Immigrant Student Performance in Math: Does it Matter Where You Come From?
Gianna Claudia Giannelli () and
Chiara Rapallini ()
No 36, CHILD Working Papers Series from Centre for Household, Income, Labour and Demographic Economics (CHILD) - CCA
The performance gap in math of immigrant students is investigated using PISA 2012. The gap with respect to non-immigrant schoolmates is first measured. The hypotheses that first (second) generation students coming from (whose parents come from) countries with a higher performance in math fare better than their immigrant peers coming from lower-ranked countries are then tested on a sample of about 13,000 immigrant students. The estimated average immigrant-native score gap in math amounts to -12 points. The results show that immigrant students coming from higherranked origin countries have a significantly lower score gap, and are thus relatively less disadvantaged. For example, coming from a country in the top quintile for math and having attended school there for one year improves the absolute score gap by nearly 39 points, the highest coefficient among the variables that reduce the gap, such as parental education and socio-economic status.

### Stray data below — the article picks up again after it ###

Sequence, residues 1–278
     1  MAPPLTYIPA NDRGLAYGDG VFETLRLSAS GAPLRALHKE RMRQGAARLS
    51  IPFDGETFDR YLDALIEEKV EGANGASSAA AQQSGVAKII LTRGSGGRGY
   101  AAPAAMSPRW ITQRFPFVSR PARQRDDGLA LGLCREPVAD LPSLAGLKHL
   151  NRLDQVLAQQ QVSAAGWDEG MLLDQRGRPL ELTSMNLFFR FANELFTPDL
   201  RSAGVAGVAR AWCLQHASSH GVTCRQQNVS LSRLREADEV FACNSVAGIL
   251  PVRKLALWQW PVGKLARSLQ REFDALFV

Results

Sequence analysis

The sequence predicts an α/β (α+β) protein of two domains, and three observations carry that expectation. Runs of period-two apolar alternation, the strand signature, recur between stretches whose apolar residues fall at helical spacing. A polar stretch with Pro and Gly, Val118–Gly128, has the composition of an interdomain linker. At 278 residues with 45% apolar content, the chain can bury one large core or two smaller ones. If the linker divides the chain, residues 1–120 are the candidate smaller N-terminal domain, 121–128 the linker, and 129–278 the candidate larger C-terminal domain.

Keywords: mathematical skills; migration; countries of origin (search for similar items in EconPapers)
JEL-codes: I25 J15 O15 (search for similar items in EconPapers)
Pages: 32 pages
New Economics Papers: this item is included in nep-edu and nep-ure
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Journal Article: Immigrant student performance in Math: Does it matter where you come from? (2016)
Working Paper: Immigrant Student Performance in Math: Does it Matter Where You Come From? (2015)
Working Paper: Immigrant Student Performance in Math: Does It Matter Where You Come From? (2015)
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Persistent link: https://EconPapers.repec.org/RePEc:cca:wchild:36
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